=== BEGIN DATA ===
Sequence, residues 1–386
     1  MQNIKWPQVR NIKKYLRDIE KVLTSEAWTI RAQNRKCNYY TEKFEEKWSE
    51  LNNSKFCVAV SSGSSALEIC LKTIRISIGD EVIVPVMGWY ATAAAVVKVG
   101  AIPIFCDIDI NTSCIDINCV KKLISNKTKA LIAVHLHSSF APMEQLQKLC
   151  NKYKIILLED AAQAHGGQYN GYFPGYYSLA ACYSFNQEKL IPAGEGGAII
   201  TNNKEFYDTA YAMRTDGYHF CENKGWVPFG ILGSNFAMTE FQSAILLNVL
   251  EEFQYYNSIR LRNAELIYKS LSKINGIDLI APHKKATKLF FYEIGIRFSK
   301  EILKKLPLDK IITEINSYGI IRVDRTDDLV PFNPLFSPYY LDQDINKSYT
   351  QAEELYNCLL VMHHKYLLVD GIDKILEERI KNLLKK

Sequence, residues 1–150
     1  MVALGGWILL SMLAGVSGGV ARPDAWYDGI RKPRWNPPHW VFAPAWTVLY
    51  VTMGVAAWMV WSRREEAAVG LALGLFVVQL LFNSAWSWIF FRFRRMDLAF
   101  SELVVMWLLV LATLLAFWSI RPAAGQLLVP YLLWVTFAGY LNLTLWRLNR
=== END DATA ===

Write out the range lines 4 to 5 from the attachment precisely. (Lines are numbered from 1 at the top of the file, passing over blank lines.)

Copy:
   101  AIPIFCDIDI NTSCIDINCV KKLISNKTKA LIAVHLHSSF APMEQLQKLC
   151  NKYKIILLED AAQAHGGQYN GYFPGYYSLA ACYSFNQEKL IPAGEGGAII